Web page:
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Indonesian Association of Geologists

37 Annual Conference and Exhibition, Bandung 26-30 August 2008


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Sangiran Dome, Central Java : Mud Volcanoes Eruption,


Demise of Homo erectus erectus and Migration of Later Hominid
Awang Harun Satyana 1)
1)

BPMIGAS (Badan Pelaksana Kegiatan Usaha Hulu Minyak dan Gas Bumi)
Patra Office Tower, 22nd Floor, Jalan Jenderal Gatot Subroto, Kav. 32-34, Jakarta 12950
Telp : 021-52900245, Fax : 021-52900118, E-mail : aharun@bpmigas.com

ABSTRACT
Sangiran Dome, located 12 kms to the north of Surakarta (Solo), Central Java is a famous site
in the Quaternary geology due to the exposures of Pleistocene rocks and fossils of hominids
and vertebrates.
Sangiran Dome is a remnant shale diapir and mud volcanoes complex. This is based on the
nature of deformation, presences of several saline water and methane gas seeps, and erupted
materials including exotic blocks of metamorphic basements to Pliocene rocks. Based on the
deformation and age dating, the diapiric deformation and eruption is considered took place
between 0.7 and 0.5 Ma million years ago (middle Pleistocene) and could repeat until 0.12
Ma (base late Pleistocene).
Hominid (early human) called the sub-species Homo erectus erectus lived in the Sangiran
Dome. Their fossils were found in the upper part of Pucangan and lower part of Kabuh
Formations. They lived in the Pleistocene (ages remain in dispute as 1.7-1.0 Ma, 1.3-0.7 Ma,
or 1.0-0.5 Ma). The termination of the sub-species between 0.7-0.5 Ma could be
contemporaneous with the eruption of the Sangiran mud volcanoes. The eruption possibly
affected the demise of Homo erectus erectus.
The eruption of Sangiran mud volcanoes could also affect the migration of later hominid
(sub-species Homo erectus ngandongensis / soloensis). The sub-species did not live in
Sangiran area possibly the area was in-habitable due to the eruption. The sub-species
migrated eastward downstream of the Solo River into the areas of Sambungmacan, Ngawi,
and Ngandong where they lived until the latest Pleistocene (0.05 Ma).

SARI
Kubah Sangiran, terletak 12 km di sebelah utara kota Surakarta (Solo), Jawa Tengah
merupakan tempat terkenal untuk geologi Kuarter karena tempat ini menyingkapkan
kompleks batuan dan fosi-fosill hominid serta vertebrata berumur Plistosen.
Kubah Sangiran merupakan sisa struktur diapir dan gununglumpur berdasarkan pola
deformasi kubah, keberadaan rembesan air asin dan gas metana di tengah kubah, serta
kehadiran fragmen dan bongkah batuan ganjil dari batuandasar malihan sampai batuan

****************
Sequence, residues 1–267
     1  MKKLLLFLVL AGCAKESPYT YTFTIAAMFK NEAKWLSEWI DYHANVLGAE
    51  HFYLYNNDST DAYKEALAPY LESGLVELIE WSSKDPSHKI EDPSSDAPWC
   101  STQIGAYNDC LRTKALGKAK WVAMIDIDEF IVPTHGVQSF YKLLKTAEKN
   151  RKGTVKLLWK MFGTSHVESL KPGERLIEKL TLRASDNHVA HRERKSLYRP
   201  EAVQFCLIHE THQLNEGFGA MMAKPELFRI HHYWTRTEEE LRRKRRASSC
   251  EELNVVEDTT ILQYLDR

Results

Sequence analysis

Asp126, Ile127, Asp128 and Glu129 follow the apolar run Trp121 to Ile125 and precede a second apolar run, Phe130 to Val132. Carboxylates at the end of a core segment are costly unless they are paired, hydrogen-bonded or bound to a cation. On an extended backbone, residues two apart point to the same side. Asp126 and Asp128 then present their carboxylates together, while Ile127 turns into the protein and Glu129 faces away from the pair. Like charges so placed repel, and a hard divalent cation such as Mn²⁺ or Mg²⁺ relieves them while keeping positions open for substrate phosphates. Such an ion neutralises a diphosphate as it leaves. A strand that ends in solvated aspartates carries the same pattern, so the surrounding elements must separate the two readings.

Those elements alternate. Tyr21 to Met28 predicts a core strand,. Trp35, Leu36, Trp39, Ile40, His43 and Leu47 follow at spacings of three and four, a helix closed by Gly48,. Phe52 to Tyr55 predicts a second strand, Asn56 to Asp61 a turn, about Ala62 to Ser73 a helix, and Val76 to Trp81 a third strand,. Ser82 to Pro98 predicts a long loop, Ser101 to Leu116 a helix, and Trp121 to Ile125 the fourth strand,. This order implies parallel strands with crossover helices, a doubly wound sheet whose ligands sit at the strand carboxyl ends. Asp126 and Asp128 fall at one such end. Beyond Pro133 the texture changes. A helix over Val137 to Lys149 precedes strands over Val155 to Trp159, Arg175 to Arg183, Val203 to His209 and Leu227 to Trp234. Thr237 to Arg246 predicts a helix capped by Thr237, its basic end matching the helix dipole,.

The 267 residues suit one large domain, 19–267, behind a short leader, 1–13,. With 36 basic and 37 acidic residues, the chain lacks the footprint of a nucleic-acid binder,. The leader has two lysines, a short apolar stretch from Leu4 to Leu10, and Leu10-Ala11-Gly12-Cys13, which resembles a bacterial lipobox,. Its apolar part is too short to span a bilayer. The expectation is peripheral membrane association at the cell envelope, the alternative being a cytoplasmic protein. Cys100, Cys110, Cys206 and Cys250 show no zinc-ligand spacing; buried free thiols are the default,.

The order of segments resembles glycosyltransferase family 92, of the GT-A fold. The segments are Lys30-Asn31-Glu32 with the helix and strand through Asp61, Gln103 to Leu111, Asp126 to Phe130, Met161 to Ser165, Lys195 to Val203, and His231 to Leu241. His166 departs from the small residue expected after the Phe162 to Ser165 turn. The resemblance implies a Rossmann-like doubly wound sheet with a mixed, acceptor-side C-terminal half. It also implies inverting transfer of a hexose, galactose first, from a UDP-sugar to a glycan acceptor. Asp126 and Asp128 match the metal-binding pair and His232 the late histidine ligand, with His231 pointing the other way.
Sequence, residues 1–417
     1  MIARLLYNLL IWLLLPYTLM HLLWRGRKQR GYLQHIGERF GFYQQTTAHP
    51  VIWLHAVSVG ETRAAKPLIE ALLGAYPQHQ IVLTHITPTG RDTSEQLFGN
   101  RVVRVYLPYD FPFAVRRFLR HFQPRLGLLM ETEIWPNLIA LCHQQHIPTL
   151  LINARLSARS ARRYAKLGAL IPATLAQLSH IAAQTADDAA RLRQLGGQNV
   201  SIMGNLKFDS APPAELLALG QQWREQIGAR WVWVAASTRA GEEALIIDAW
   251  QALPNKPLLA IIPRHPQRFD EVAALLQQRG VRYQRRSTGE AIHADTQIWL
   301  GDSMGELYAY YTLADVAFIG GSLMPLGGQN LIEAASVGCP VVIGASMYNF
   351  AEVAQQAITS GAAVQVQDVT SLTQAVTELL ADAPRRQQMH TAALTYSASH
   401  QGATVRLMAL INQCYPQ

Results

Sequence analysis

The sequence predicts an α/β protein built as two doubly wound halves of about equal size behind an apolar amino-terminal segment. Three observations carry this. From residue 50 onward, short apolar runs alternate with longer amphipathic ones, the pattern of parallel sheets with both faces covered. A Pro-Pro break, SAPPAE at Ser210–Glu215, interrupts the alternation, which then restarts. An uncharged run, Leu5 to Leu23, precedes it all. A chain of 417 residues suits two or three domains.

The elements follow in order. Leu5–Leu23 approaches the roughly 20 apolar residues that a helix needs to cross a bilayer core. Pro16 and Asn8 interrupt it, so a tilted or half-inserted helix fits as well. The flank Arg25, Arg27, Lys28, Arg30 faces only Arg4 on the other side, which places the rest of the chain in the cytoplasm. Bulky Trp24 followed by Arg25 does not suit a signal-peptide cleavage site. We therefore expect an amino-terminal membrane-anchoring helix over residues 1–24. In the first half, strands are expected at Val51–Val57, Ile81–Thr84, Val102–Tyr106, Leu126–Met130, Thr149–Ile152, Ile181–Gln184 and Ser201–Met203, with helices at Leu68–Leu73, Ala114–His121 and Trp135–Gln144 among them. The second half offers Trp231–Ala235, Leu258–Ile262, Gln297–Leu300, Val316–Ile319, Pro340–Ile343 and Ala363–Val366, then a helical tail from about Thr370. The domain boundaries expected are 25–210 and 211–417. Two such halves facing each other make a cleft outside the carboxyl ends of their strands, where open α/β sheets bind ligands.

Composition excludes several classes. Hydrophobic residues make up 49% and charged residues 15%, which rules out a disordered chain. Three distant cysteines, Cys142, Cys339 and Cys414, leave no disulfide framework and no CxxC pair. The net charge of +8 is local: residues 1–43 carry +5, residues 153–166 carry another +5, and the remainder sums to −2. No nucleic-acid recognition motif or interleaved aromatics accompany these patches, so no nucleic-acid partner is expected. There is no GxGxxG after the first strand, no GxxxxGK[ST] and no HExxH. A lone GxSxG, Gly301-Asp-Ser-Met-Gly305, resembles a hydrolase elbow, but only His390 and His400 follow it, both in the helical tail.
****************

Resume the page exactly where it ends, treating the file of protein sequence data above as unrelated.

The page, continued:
berumur Pliosen. Berdasarkan umur deformasi dan pentarikhan mutlak, deformasi diapirisme
dan erupsi gununglumpur terjadi pada 0,7-0,5 Ma - juta tahun yang lalu (Plistosen tengah)
dan mungkin berulang lagi sampai 0,12 Ma (bagian bawah Plistosen akhir).

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Indonesian Association of Geologists


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Kubah Sangiran pernah menjadi habitat hominid sub-spesies Homo erectus erectus, fosilfosilnya ditemukan di lapisan bagian atas Formasi Pucangan dan bagian bawah Formasi
Kabuh. Hominid ini hidup dalam kala Plistosen (periode tepatnya masih diperdebatkan
antara 1,7-1,0 Ma, 1,3-0,7 Ma, atau 1,0-0,5 Ma). Akhir periode sub-spesies ini (0.7-0.5 Ma)
kelihatannya bersamaan dengan periode erupsi kompleks gununglumpur Sangiran. Erupsi
gununglumpur ini mungkin saja mempengaruhi kepunahan Homo erectus erectus.
Erupsi gununglumpur Sangiran juga diperkirakan telah mempengaruhi migrasi sub-spesies
hominid selanjutnya, yaitu Homo erectus ngandongensis / soloensis. Sub-spesies ini tidak
pernah ditemukan di kubah Sangiran, mungkin kubah Sangiran tidak layak huni karena
menjadi tempat erupsi gununglumpur sampai Plistosen akhir. Sub-spesies Homo erectus
ngandongensis / soloensis bermigrasi ke arah timur sepanjang hilir Bengawan Solo menuju
daerah-daerah Sambungmacan, Ngawi, dan Ngandong - tempat fosil-fosil sub-spesies ini
ditemukan sampai ujung Plistosen (0,05 Ma).

INTRODUCTION
Sangiran area, 12 kms to the north-northeast of Surakarta (Solo), 6 kms to the west of the
Solo River, Central Java (Figure 1), is one of the most famous places of paleoanthropological discoveries in Southeast Asia. The Sangiran Early Man Site is one of 550
locales worldwide that UNESCO has recognized for its special cultural and natural value
(Huffman, 1998). Here, the remains of early humans (hominids) called Homo erectus
(formerly was called Pithecanthropus erectus) that lived over a million years ago have been
discovered since the fieldwork of Koenigswald from 1936-1938 (Koenigswald, 1940)
(Figure 2). Sangiran today remains one of the most active sites for Plio-Pleistocene research
and is also an excellent location to study fluvial and volcanic sedimentation (Lunt et al.,
1998).
Geological fieldwork in this area was firstly conducted by Es (1931) and Koenigswald (1940)
who revealed that Sangiran is a four-way anticlinal structure forming a dome hence it is
usually called the Sangiran Dome in the geological literatures. The origin of the Sangiran
Dome has been interpreted in various ways. Intensive joint expedition of Indonesian and
Japanese team from 1976-1979 (reported in Watanabe and Kadar, 1985) concluded that the
Sangiran Dome is a remnant mud volcano. Regionally, Sangiran area is located at the central
depression of Java involving the Kendeng and Solo Zones in Central Java. Along the zones,
there are many occurrences of mud diapirs and mud volcanoes (Satyana and Asnidar, 2008).
One of the mud volcanoes is called Lusi in Sidoarjo area, East Java which has been